On Friday Turkish dailies mostly covered the detention of military officers involved in the Feb. 28, 1997 “postmodern” military intervention and Turkish Prime Minister Recep Tayyip Erdoğan's remarks regarding developments in Syria.
Several Turkish dailies ran stories on the recent detention of military officers. The Sabah daily wrote that a national attempt to confront past military interventions will now also include the Feb. 28, 1997 postmodern coup following legal attempts to confront the Ergenekon and Balyoz plans, various military memorandums intended to threaten civilian authority and the Sept. 12, 1980 coup. According to Sabah, police raided 40 locations in Ankara, İstanbul, Çanakkale, Niğde and Eskişehir within the scope of the Feb. 28 process investigation carried out by Specially Authorized Ankara Prosecutor Mustafa Bilgili. The prosecutor has demanded that 31 military officers, including former Deputy Chief of General Staff Gen. Çevik Bir, be detained. Twenty-six people were detained, but police were unable to find five of the suspects. The Yeni Şafak daily reported that the nation is asking officers involved in the postmodern coup why they did what they did 15 years ago. In February of 1997, tanks were moved into Ankara's Sincan neighborhood in a show of force and the move was referred to as “fine tuning democracy,” after which the democratically elected coalition government led Islamist Welfare Party (RP) leader Necmettin Erbakan stepped down.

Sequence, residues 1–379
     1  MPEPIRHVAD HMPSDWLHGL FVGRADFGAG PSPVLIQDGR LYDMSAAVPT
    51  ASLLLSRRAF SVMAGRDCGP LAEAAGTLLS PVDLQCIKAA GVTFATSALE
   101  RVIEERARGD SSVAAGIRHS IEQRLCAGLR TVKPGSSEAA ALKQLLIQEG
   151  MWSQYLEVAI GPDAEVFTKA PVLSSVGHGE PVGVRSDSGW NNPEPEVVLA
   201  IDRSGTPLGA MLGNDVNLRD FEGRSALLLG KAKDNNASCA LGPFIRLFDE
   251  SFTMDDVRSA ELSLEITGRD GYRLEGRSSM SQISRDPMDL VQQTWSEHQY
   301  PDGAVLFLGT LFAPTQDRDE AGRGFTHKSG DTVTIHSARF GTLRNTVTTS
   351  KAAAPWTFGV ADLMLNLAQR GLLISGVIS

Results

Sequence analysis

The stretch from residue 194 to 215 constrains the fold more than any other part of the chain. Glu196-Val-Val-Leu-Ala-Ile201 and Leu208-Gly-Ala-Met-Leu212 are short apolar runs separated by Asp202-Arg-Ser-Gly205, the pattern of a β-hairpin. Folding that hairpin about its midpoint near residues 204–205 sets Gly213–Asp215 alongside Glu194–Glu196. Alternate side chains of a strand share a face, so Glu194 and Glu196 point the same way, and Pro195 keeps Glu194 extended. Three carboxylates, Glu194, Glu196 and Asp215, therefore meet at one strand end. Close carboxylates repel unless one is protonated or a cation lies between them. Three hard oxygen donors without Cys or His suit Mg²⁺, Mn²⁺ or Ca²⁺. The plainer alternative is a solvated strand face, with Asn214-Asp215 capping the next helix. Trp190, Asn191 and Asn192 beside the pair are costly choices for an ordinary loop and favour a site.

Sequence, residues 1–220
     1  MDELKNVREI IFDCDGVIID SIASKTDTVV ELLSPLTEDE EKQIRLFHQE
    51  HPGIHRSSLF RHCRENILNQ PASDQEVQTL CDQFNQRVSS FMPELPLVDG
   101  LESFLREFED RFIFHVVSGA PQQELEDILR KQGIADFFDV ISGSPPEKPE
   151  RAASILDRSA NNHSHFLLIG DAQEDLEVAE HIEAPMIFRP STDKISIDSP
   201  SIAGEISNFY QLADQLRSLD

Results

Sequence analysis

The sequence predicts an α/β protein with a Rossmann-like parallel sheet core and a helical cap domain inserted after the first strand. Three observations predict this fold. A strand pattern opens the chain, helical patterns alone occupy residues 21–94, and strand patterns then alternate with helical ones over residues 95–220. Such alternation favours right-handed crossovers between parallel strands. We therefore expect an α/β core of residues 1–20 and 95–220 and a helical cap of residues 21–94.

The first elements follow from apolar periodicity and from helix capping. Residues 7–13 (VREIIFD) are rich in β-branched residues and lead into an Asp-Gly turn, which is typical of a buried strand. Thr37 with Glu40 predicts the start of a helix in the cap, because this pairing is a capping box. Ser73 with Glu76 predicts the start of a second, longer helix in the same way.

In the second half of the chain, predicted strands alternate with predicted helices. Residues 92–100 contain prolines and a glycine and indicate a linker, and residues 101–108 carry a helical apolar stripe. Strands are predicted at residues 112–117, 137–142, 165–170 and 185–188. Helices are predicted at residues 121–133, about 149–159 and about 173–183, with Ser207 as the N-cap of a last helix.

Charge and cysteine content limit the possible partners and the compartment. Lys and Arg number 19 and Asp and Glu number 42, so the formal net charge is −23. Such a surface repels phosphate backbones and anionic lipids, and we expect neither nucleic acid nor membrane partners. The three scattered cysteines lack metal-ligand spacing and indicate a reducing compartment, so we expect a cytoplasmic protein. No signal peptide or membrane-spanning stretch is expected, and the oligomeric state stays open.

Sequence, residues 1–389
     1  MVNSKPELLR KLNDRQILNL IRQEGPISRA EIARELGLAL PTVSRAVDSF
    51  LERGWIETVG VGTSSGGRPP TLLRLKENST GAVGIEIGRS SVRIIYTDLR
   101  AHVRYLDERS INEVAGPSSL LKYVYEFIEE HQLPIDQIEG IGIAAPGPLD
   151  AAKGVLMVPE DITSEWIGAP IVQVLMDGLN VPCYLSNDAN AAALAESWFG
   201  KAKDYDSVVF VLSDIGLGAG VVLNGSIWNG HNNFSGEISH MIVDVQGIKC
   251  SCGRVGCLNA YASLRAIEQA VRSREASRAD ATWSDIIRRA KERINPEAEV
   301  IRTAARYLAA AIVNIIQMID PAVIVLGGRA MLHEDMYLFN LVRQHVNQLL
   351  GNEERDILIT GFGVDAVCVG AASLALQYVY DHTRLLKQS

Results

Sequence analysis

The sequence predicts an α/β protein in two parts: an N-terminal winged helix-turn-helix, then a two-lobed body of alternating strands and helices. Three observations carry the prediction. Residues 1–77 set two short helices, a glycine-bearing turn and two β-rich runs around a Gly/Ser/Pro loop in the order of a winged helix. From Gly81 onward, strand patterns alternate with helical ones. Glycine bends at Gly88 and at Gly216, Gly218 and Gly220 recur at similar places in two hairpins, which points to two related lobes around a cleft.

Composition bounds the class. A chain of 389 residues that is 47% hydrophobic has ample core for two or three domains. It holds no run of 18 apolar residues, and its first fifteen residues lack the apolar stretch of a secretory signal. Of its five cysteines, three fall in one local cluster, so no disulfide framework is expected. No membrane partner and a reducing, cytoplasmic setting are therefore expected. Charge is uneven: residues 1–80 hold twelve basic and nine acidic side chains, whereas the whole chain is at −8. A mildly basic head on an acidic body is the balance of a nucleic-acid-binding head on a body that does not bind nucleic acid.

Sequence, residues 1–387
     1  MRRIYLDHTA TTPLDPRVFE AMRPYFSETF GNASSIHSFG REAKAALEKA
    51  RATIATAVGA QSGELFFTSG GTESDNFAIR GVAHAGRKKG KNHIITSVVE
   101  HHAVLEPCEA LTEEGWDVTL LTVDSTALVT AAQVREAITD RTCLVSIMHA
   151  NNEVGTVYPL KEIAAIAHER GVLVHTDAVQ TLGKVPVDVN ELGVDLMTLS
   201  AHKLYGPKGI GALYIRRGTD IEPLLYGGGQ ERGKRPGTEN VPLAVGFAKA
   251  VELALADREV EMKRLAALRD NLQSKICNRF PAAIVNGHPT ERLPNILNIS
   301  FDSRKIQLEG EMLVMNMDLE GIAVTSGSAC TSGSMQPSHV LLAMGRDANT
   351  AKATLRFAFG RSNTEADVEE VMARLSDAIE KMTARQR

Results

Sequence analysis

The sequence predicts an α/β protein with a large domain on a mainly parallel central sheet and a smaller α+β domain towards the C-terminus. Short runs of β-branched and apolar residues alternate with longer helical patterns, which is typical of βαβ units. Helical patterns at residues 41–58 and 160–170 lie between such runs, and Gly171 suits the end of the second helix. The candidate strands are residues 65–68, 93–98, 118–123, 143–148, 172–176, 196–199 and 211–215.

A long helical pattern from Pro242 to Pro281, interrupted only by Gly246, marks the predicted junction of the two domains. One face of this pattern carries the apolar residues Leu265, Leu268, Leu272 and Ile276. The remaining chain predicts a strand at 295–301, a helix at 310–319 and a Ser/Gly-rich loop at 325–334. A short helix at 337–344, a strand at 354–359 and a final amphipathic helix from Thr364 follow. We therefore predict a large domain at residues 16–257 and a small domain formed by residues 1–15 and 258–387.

The second most widely reported story was Erdoğan's remarks on Syria. Yeni Şafak quoted Erdoğan as saying Syrian leader Bashar al-Assad had not implemented UN and Arab League envoy Kofi Annan's plan. According to the paper, Erdoğan said: “Firstly, tanks should withdraw from cities and elections should be held. Then, the international community will respect what comes out of the ballot boxes.”